Anyway, I always thought of myself as someone who liked quieter areas, but I realized I don’t. I like nature, but I feel out of place in rural country. It reminds me of one of the essays I read for English class “The Trouble with Wilderness.” The real wilderness left in this country is between the cities, it’s not even really our national parks. It’s the places no one goes to except wild horses. It’s the undergrowth that keeps animals out of sight form the road.

The truth is, wilderness is only something you find off the beaten (or paved) path. My sister and I got close to it driving a quad over a desert area. But even so, that’s not quite it. And I got to visit some dinosaur tracks, which I’m a big fan of, there were some paw prints there too, probably from a more recent animal. Still, that’s not really wilderness.

Wilderness is something you find when it’s just you alone with God and with nature.

Civilization is really just what you call it when two people meet and settle down. Why else does marriage represent civilization not just in the Bible, but in many religions and stories?

I don’t think it’s impossible for a couple to experience wilderness together, but when it comes to being in it even when you’re not out in nature, you need to be alone.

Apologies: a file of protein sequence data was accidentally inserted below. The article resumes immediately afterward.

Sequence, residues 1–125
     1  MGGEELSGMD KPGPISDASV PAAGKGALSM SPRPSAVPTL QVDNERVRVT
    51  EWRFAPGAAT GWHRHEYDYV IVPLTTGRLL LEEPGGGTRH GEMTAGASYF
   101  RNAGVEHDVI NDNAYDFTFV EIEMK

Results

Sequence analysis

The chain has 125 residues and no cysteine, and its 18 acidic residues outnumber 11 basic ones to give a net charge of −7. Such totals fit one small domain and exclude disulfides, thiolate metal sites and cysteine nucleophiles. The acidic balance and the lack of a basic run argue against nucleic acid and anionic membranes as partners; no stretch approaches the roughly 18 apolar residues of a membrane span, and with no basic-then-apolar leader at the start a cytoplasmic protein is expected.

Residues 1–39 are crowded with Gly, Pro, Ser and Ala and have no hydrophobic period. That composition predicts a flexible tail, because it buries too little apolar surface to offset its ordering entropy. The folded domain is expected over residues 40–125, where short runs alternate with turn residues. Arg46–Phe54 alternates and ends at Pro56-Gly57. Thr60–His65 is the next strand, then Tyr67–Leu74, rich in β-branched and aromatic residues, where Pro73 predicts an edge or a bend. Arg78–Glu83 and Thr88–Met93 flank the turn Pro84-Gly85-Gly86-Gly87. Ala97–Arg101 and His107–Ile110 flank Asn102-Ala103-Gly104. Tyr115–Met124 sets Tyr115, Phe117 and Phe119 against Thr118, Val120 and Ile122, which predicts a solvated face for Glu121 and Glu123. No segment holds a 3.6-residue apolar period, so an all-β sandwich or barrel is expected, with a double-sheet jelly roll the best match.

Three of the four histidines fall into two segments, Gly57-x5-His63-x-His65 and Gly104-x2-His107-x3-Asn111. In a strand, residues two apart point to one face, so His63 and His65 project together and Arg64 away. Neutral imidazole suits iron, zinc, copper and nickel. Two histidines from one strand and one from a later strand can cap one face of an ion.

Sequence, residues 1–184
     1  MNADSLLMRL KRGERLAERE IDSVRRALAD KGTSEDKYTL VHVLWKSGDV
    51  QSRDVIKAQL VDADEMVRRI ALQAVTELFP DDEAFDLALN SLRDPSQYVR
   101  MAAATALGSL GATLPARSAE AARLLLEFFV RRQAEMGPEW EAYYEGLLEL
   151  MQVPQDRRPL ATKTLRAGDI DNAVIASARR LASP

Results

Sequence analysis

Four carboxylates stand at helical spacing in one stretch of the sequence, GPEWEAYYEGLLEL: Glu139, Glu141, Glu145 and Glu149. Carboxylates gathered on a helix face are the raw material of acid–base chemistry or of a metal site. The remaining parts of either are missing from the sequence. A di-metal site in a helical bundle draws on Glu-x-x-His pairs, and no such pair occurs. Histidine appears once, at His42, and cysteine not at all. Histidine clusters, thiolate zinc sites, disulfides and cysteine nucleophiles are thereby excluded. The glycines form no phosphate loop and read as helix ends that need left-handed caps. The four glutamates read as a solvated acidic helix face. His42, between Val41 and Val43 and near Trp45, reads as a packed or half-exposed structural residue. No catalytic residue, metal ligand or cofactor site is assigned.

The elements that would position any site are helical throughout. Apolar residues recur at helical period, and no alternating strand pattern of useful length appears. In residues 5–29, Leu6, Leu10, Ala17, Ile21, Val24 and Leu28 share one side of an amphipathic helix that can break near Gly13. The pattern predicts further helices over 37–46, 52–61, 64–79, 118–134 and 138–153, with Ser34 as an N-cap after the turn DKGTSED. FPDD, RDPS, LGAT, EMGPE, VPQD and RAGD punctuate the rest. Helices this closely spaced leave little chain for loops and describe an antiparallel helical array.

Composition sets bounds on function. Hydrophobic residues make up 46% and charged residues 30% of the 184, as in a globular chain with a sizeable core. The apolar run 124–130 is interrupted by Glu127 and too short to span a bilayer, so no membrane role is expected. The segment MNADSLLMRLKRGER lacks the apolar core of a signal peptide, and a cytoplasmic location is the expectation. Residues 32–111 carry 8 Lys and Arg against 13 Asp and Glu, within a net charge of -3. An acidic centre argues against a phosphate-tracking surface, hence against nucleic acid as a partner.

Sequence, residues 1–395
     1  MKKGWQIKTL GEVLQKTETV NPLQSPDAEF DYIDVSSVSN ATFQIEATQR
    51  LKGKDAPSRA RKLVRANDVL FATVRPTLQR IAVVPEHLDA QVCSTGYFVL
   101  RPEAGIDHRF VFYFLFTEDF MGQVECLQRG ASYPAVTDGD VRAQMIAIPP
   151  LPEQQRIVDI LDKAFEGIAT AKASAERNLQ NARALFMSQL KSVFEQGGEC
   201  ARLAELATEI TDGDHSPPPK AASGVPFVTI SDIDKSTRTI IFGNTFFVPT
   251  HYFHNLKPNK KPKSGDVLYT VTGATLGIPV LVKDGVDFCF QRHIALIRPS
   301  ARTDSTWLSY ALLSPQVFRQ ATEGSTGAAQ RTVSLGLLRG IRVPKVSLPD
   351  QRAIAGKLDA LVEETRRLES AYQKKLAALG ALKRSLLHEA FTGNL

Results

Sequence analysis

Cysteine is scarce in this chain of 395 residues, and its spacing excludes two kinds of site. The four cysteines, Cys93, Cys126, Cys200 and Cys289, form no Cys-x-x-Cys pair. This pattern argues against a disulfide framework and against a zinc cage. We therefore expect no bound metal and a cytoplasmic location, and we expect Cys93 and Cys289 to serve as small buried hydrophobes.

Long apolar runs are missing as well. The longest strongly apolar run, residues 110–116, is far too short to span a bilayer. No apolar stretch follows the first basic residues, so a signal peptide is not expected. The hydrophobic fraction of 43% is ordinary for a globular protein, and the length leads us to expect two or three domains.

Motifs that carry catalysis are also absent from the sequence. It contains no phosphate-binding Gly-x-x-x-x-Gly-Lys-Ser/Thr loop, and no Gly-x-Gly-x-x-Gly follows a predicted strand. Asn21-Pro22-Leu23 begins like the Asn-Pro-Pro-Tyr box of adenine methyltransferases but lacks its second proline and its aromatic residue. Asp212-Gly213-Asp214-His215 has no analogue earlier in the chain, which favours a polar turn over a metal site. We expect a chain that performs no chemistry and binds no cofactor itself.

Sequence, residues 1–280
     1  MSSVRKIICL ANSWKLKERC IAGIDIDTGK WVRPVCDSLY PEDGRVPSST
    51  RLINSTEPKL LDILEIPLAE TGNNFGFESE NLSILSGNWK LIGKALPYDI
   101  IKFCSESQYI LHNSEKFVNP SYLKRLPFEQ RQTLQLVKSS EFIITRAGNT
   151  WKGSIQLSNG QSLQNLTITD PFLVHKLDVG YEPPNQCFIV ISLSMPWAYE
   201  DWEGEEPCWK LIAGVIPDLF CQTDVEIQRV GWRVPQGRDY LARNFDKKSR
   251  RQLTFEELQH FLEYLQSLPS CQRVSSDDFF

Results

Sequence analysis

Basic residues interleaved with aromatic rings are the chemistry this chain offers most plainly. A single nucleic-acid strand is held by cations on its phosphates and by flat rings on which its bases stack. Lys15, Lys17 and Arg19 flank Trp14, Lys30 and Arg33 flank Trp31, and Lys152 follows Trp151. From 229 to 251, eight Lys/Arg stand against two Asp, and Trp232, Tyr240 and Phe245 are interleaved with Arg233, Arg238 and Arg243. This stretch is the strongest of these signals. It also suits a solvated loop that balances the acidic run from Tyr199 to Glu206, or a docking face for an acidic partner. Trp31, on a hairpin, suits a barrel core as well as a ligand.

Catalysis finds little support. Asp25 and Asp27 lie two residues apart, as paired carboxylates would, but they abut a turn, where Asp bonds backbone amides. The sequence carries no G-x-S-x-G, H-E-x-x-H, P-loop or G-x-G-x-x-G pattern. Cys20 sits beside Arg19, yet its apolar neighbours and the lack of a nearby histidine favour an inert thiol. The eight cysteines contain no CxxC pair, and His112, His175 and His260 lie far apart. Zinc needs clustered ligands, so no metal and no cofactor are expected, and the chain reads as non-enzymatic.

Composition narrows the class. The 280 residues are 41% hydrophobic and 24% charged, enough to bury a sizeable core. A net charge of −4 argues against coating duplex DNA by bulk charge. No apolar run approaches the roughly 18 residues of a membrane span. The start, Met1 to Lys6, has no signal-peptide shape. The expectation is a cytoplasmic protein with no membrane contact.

Capturing that feeling of wildness is something we can only do when we’re either by ourselves, or with someone else who has felt it and understands it.

The feeling you get when you’re out in the wind, or when you gaze at a sunset, or look at the mountains. When you feel really alone, but not lonely. That’s being wild. Because in those moments you dare to dream anything and you believe in anything.

It’s no surprise really that folks who live surrounded by nature used to come up with stories about fairies and elves and sprites, something about it makes you believe in what you can’t see.

After all Romans does say that the invisible attributes of God are plain to us because of nature.